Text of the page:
One of the most interesting and authentic spots to visit in Stone Town is the vibrant and bustling Darajani Baazar. This local market is a beehive of activity that will stimulate all of your senses. From vibrant colours to poignant smells and a cacophony of sounds, you will get it all as you stroll through stalls of spices (especially cloves), fabrics, art, local foods, crafts and the raw meat and fish market.
Every morning there is a fish auction which draws a lot of attention. We missed the auction, but did walk through the fish stalls to get a glimpse of the day’s catch.
We carefully made our way around bins heaping with octopus and squid as well massive hunks of tuna being carved and sold to local residents. The sights and smells are pretty intense so you need to be prepared if you are squeamish. This is not like your supermarket fish counter at home!
If you want to see the fish as they are brought into the market and being weighed, step just outside the covered area of the market by the street. Here fish are piled on mats of palm leaves as they are lifted off pickup trucks and weighed on large standup scales.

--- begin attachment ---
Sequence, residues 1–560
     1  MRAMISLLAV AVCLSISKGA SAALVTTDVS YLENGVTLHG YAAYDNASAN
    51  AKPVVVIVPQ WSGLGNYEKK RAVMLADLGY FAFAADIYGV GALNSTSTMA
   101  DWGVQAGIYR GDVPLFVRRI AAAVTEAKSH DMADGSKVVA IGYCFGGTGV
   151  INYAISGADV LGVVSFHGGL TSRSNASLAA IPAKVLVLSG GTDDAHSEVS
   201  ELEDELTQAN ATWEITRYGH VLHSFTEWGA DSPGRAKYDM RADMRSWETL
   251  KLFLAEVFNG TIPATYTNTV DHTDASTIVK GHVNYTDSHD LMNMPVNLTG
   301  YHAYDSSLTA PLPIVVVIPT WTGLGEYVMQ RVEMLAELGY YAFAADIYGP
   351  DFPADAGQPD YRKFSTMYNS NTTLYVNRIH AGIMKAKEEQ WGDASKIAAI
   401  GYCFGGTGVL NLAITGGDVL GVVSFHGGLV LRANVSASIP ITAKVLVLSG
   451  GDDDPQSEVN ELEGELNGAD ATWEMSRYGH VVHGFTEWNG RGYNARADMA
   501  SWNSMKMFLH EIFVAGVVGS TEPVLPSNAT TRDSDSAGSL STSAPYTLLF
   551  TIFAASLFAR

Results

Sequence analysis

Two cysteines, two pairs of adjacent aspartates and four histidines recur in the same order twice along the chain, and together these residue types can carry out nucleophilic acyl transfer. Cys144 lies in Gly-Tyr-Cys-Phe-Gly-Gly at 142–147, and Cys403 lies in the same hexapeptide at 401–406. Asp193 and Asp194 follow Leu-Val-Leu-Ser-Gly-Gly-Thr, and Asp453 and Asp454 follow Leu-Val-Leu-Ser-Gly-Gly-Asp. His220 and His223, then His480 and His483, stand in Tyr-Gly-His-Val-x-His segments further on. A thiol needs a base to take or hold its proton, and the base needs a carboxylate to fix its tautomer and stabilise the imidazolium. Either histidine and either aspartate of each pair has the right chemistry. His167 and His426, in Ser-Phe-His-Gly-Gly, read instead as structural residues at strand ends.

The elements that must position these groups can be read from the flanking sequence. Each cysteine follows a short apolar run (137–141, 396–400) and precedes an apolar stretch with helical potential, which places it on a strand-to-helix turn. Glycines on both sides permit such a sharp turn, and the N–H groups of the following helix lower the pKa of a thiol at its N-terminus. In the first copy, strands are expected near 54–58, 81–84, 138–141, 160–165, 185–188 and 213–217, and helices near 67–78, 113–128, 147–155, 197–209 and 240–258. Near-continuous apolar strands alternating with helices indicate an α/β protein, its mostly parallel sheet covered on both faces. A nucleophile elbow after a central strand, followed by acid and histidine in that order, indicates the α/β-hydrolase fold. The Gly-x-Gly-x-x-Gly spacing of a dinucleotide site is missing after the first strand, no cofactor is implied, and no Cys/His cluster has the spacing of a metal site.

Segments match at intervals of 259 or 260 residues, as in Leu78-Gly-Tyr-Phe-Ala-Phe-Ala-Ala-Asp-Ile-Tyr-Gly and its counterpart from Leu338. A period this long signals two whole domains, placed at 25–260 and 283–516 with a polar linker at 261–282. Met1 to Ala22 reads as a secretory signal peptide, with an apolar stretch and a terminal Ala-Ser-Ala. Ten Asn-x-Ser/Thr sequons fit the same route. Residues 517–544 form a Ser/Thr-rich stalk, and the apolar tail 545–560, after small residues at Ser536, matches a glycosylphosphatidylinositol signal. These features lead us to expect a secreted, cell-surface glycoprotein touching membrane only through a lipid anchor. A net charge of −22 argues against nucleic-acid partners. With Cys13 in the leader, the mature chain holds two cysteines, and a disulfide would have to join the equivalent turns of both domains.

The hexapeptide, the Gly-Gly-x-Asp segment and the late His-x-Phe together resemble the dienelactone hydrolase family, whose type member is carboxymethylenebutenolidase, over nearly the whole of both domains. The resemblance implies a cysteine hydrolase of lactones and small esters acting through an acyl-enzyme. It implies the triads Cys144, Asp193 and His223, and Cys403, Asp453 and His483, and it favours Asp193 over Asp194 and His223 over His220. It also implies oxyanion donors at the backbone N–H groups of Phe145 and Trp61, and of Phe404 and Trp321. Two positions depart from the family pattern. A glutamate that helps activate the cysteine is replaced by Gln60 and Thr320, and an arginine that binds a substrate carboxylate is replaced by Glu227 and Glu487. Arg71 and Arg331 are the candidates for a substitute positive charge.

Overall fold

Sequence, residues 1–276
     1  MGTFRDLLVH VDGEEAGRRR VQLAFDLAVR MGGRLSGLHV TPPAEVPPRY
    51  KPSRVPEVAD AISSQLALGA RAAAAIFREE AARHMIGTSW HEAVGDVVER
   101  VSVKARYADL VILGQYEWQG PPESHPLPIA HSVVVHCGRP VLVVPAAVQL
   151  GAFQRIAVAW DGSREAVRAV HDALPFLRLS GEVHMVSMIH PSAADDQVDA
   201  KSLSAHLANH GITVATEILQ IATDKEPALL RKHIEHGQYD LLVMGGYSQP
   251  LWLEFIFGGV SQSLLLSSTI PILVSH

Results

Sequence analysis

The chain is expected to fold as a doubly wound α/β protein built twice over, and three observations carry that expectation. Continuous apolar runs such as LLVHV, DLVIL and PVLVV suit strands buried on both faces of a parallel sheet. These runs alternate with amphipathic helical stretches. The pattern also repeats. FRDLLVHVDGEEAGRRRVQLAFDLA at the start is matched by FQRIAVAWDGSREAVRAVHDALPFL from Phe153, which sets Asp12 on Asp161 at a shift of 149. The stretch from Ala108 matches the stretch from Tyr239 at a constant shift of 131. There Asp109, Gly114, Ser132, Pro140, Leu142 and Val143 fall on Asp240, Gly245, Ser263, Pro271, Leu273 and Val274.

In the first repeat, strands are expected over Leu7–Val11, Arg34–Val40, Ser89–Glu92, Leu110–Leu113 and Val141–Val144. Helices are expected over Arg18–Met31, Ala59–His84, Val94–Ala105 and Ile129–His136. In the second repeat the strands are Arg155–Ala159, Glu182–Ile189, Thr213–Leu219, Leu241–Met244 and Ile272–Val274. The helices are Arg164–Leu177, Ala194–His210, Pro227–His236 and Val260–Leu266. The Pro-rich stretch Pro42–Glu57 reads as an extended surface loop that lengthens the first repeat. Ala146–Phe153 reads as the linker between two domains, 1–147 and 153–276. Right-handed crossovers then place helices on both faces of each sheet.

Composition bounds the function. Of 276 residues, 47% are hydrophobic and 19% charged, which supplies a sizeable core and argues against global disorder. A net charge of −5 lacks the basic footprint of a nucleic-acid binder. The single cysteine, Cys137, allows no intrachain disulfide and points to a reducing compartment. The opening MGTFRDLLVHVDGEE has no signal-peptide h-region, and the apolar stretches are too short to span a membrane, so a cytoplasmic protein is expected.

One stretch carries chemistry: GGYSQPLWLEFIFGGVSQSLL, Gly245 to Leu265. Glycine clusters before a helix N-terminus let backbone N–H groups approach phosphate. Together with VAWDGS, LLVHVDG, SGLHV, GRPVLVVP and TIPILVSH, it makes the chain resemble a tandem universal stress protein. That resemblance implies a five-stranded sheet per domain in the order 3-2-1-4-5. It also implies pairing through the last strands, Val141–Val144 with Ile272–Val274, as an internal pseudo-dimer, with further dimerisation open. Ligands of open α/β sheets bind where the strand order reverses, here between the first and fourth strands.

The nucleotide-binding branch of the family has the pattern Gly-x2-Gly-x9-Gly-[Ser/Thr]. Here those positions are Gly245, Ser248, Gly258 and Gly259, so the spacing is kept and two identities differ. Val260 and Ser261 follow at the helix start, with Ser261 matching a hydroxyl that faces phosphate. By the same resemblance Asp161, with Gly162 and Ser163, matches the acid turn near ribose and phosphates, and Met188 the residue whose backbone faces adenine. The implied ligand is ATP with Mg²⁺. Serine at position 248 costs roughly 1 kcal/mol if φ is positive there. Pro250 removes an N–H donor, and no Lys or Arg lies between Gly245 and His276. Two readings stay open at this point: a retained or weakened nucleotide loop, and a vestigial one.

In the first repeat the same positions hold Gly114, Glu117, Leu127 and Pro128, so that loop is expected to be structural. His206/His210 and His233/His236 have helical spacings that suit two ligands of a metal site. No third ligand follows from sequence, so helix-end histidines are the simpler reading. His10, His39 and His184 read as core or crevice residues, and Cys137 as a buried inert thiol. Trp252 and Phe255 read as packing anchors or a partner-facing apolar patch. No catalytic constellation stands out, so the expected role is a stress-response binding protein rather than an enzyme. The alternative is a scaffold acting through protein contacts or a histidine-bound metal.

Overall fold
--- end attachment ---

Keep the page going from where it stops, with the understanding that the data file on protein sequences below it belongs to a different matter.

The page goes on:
Don’t be surprised to see locals walking down the street grasping their prized purchases of tuna and other fish by the tail to take home to prepare for dinner.
Imagine the Grandeur of the House of Wonders and Palace Museum
The House of Wonders and Palace Museum form a complex of several historic buildings that are a testament to Zanzibar’s Swahili, Oman, Portuguese and British heritage. And while they currently are in a state of disrepair and undergoing extensive renovation, their cultural and historic significance and listing by UNESCO makes them worth visiting while in Stone Town.
The House of Wonders, or Beit Al Ajeib, was built in 1883 by the Second Sultan of Zanzibar, Barghash bin Said. It actually sits on the site of the previous 17th Zanzibari palace built for Queen Fatuma.